17 are Women, 3 are Visible Minorities, 1 is Black, 2 are Aboriginal, 2 are Persons with Disabilities. There are no Mi kmaqs at the Associate level. At the Other Lawyers level there are 5 lawyers, one of which is Black. There is no representation from the other designated groups. Of the 13 Articled Clerks, 6 are Women and one is a Visible Minority. There is no representation from the other designated groups. Table 7 - NCLA Firm Profile Total Women Visible Blacks Aboriginal Persons Indigenous Mi kmaq Number Minorities with Black (excluding Disabilities Blacks & Aboriginals) Partners (less than (19.9%) %) Associates (2.6%) 1 (less 2 (1.7%) 2 (1.7%) 1 (less 0 (38.5%) than %) than %) Other (20%) Lawyers* Articled 13 6 (46.2%) 1 (7.7%) Clerks Legal (1.3%) 0 0 Assistants (98.7%) Support (less (less 0 Staff (97.8%) than than 1%) 1%) * Includes those with a law degree who have been called to the Nova Scotia Bar, whether practicing or not, working with the firm in a position other than as a partner or associate. Firms of fewer than 12 lawyers did not need to provide this information. Firms of 12 or more included as a Legal Assistant, a person with a law degree who is not a member of the Nova Scotia Bar. Student / Articled Clerk Recruitment Seven of the CLAs recruited summer students for the summer of 2001 and hired articled clerks for the year 2002 during the period January 1 and June 30, When interpreting this data please 15

18 remember that firms only provided the information for which they had kept statistics. For the 7 firms who participated in the recruitment process: - 74 applications were received, 5 of which were identified to be from designated groups; - 25 applicants were interviewed, 2 were identified to be from designated groups; and - 1 was given a second interview, 0 were from designated groups. The seven firms hired 2 summer students (summer 2001) and 5 articled clerks were hired for the year The designated group breakdown is contained in Table 8. Table 8 - NCLA Designated Group Breakdown for Summer Students/Articled Clerks Women Visible Blacks Aboriginal Persons Indigenous Mi kmaq Minorities with Black (excluding Disabilities Blacks & Aboriginals) Applicants Interviewed Offered Position - Student* Offered Position - Articled Clerk Accepted Position - Student Accepted Position - Articled Clerk * It must be noted that the offered position number both for the student and the articled clerk is the total of offers from the 7 law firms and not the total students being offered a position. Since students apply to several law firms at once, they may receive numerous offers, only one of which they are capable of accepting. Of the 74 applicants, the firms identified that 10 were women, 1 was Black and 1 was an Indigenous Black. There were no other designated group members identified. 16

19 The figures indicate that of the 2 summer students hired no positions were offered to the designated group members and, therefore, none were hired. Of the 5 articled students hired by the firms for the year 2002, one was offered to a woman and was accepted. No articled clerk positions were offered to the other designated group members and, therefore, none were hired. Associate Appointment Among the 78 NCLA firms, 9 articled clerks were completing their articles. Eighteen associates had been appointed or hired as of June 30, Of these, 2 were hired from the articled clerks within the firm, 9 were from other firms and 7 were lateral hires. One position was offered to an articled clerk and it was declined Furthermore: - of the 2 internal articled clerks hired as an Associate, 1 was a Women and one was a Visible Minority; - of the 9 external articled clerks hired as an Associate, 6 were Women and none were from the other designated groups; and - of the 7 lateral hires 4 were Women, 1 was an Aboriginal. The designated group breakdowns is contained in Table 9. Table 9 - NCLA Designated Group Breakdowns for Associate Appointment Women Visible Minorities Blacks Aboriginal Persons Indigenous Mi kmaq (excluding Blacks with Black & Aboriginals) Disabilities Firm Clerk hired as Associate 0 0 Outside Clerk - hired as Associate Lateral hire of Associate Clerks offered associate position who declined 17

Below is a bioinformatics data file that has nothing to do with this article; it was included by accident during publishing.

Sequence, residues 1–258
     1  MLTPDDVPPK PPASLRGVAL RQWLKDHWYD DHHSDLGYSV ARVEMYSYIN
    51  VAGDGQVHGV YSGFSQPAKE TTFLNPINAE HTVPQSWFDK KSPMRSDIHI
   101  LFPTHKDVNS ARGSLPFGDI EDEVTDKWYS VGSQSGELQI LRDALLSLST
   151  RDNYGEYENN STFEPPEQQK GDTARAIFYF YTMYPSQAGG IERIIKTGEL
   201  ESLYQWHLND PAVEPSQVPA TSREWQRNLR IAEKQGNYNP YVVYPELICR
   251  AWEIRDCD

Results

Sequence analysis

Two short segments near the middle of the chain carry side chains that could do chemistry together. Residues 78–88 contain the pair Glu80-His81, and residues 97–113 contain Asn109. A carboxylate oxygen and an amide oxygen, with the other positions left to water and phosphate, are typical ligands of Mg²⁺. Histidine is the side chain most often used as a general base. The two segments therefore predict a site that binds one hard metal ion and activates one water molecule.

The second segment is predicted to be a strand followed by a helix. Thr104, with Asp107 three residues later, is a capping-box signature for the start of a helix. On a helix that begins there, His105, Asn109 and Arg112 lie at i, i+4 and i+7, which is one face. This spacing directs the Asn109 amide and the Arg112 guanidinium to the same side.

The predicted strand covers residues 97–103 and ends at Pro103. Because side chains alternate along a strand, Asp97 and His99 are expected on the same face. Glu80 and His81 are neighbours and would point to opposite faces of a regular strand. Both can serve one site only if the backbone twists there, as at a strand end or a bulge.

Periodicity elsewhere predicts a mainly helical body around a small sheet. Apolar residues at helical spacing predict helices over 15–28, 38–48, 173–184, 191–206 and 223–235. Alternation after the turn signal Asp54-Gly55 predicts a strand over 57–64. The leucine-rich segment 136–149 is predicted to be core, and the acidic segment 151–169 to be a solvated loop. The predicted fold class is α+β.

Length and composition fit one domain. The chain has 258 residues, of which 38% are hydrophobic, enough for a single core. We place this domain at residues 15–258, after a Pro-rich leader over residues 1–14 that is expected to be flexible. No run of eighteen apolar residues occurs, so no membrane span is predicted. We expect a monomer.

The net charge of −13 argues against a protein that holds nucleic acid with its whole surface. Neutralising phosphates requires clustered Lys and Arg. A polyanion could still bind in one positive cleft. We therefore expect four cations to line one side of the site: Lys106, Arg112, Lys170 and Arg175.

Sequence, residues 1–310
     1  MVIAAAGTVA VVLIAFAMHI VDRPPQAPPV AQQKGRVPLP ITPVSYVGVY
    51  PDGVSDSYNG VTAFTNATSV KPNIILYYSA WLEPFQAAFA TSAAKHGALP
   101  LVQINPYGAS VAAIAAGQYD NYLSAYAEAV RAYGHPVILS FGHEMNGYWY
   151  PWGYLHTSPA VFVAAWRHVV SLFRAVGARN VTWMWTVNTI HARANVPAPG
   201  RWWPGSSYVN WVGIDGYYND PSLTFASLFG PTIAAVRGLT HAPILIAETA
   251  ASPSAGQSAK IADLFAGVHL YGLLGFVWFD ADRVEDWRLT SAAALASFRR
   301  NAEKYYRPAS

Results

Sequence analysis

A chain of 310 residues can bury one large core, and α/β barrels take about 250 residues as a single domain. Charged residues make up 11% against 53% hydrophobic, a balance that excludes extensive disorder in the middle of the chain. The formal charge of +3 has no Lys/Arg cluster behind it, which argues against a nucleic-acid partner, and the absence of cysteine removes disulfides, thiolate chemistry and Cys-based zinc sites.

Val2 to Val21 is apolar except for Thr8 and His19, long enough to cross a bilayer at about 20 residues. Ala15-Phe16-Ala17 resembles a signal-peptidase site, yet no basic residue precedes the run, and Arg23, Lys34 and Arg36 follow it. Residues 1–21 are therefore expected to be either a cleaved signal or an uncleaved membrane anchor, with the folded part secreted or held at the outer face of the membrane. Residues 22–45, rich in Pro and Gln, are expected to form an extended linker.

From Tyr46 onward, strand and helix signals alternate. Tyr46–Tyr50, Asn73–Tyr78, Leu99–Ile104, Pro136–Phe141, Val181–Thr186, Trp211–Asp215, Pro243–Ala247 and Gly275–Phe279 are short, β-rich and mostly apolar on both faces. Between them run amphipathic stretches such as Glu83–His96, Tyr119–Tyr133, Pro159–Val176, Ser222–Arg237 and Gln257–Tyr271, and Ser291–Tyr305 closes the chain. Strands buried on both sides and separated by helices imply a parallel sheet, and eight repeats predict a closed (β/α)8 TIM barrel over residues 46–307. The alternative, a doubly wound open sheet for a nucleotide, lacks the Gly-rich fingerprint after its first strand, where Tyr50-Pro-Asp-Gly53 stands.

20 Employment Equity Policies Of the 78 NCLAs, 10 have an internal employment equity policy. The remaining either do not have an internal employment equity policy or did not answer the question. External Data When analyzing the data from the Employment Equity Questionnaires, it is important to have information on the relevant external community which the employer (law firm / lawyers) can use. This data can be gained from the general workforce, Bar Admissions Course, Dalhousie Law School and, more particularly, the Indigenous Blacks and Mi kmaq Programme. General Workforce The information on the general workforce for the various designated groups can be drawn from various sources. Most of the statistics are based on dated information 1991, 1994 and 1996 data. Unfortunately, the information from the 2000 Census will not be available until According to the Employment Equity Manual, Carswell, the workforce representation of the designated groups in Canada, based on 1991 data is as follows: S Women - 46 % S Visible Minorities - 9.1% S Aboriginal Peoples - 3% S Persons with Disabilities - 6.5% (p. 8-23) According to Statistics Canada, in Nova Scotia S women make up 46.7% of the employment population (1996 data); S visible minorities make up 3.5% of the general population (The Daily, February 17, figures); and S aboriginals make up 1.4% of the general population (The Daily January 13, figures); 3 The National Population Health Survey indicates that 27% of Nova Scotians have identified that they are restricted in some way because of long term physical or mental condition. 4 The changes in the demographics of the general population are leading to even more changes in the 3 There are problems with these statistics. Statistics Canada has indicated that the incomplete enumeration of 77 Indian reserves and settlements across Canada in the 1996 Census may affect the counts in this category. 4 Joan E. Cummings, Toolkit Resources Manuel Book 1, Halifax MSSW, Dalhousie University, October 2000, p